I have a Remington Mountain Rifle, Stainless LSS, in 260 Rem. caliber. Since my Lyman trimmer did not come with a .264 trim guide, I was "forced" to not trim the brass. As long as the brass was under max. length, the brass was reloaded.
Now, I did chamber the case mouth, square the primer pocket, and debur the primer flash hole using Lyman tools.
In short, in the light weight barrel rifle that SHOULD detect any slight difference, the 1st load put down a 3 shot group on paper under 0.3". Yes, that sounds like a load of farm animal by product, but from limited testing with two different bullets, this particular rifle in this particular chambering just does not seem to care that the case mouth is not square or the next case was slightly longer. All testing was done with flat base bullets, boat tail bullets might make a difference.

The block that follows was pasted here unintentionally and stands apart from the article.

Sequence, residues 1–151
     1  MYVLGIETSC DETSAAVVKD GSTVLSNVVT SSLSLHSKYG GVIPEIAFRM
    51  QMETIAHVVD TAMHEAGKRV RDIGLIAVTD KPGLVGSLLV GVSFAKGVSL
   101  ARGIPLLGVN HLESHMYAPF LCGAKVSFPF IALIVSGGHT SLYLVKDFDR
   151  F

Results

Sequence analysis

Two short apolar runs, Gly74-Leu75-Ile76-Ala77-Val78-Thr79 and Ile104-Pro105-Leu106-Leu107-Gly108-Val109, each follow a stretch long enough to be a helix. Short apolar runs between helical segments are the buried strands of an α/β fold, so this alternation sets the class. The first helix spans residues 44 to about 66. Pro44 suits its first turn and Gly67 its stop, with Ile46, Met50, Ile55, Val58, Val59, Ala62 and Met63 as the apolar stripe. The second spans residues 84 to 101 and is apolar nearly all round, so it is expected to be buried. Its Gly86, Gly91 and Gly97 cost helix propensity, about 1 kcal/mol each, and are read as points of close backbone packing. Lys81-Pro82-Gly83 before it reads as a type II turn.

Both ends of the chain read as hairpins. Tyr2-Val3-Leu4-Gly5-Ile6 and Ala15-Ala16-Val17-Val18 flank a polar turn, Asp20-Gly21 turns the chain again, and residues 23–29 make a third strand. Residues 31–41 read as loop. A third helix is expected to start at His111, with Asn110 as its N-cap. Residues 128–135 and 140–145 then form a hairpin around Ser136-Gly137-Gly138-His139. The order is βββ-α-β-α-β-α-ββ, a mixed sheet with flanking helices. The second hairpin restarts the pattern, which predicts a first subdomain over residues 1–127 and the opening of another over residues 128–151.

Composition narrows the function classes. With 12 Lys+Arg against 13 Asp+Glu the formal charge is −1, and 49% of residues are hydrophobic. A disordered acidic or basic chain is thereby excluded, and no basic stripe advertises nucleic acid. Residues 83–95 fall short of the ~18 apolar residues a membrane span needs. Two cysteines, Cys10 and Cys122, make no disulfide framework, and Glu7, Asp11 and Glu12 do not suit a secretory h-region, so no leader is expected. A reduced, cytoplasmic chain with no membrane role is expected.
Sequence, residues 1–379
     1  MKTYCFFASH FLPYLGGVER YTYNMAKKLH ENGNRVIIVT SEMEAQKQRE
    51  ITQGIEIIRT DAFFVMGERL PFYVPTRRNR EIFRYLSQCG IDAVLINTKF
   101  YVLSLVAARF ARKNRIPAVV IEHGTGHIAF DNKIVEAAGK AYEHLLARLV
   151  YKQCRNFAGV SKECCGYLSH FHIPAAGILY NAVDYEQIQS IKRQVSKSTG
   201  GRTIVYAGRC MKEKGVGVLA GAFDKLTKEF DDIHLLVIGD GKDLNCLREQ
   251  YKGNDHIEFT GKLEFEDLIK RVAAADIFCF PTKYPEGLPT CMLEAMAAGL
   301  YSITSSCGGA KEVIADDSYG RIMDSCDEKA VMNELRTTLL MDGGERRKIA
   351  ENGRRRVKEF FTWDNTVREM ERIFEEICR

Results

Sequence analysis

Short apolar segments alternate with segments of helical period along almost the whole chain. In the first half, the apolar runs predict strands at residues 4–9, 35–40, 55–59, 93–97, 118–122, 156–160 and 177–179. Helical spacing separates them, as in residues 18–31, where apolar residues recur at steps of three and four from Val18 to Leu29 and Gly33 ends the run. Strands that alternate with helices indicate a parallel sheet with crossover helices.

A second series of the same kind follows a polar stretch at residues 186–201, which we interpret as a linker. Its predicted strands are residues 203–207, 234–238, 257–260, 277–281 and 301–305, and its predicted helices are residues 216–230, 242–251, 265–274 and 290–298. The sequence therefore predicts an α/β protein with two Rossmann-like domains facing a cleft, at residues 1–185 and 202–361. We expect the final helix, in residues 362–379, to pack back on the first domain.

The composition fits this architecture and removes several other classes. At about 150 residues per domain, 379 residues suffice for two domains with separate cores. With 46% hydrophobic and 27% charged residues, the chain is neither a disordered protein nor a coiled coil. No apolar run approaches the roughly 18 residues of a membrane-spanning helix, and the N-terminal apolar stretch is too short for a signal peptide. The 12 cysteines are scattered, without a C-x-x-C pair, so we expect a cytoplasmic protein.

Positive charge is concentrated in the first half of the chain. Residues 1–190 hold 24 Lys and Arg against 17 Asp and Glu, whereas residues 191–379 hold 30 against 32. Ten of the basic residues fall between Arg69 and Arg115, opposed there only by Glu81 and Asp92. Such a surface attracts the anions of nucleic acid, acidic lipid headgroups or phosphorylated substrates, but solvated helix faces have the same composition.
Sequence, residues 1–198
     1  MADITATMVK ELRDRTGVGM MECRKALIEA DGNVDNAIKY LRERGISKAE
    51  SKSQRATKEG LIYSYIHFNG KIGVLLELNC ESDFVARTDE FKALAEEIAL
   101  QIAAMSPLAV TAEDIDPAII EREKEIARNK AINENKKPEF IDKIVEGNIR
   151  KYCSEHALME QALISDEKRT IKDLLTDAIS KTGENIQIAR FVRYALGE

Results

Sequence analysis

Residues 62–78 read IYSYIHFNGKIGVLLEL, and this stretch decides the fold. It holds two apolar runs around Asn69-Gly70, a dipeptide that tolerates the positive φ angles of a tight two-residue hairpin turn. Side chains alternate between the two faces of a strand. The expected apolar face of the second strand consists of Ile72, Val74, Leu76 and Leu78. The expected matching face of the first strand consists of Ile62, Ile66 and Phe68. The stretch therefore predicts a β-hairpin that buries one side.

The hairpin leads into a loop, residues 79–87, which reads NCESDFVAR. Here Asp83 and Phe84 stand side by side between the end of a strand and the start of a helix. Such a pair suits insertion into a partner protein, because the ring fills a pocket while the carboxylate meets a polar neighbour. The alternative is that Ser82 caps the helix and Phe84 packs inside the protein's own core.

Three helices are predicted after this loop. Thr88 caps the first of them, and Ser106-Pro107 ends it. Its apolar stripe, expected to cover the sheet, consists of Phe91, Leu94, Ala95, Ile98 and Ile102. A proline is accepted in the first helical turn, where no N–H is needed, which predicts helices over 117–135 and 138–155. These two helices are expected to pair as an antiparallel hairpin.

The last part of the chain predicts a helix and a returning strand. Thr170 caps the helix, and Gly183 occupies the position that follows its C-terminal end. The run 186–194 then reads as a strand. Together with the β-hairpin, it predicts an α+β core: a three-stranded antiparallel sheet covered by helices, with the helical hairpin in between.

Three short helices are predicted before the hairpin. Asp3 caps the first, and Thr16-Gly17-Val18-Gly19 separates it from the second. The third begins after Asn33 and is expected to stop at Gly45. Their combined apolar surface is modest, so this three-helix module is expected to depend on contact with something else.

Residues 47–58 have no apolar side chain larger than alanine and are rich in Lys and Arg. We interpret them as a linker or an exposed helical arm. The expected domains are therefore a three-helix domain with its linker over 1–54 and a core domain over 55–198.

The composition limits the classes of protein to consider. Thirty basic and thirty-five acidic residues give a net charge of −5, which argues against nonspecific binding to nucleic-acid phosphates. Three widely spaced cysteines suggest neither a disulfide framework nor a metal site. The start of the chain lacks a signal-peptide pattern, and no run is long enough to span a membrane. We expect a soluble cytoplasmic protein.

My guess is, unless the difference in accuracy is going to cost you $$$ or your reputation in competition, for those of us who just shoot for fun and/or hunt, trimming makes no real difference, just keep it under max. length.
Have Fun, Larry
For what it's worth... there have been several times when I needed to trim cases, and did not have the correct pilot. I found that the next size down generally worked OK if not spectactular. Better that then having a round go over pressure for being too long. Trimmed a few .338's with a .308 pilot, likewise 6.5's with .25 cal pilots, etc.
If the average group for the untrimmed cases is 1.71 and the average group for trimmed cases is 1.67, this is only a .04" difference. But in the conclusion it says there is a .9" improvement for trimmed cases. Is this an error, or am I missing something. Thanks
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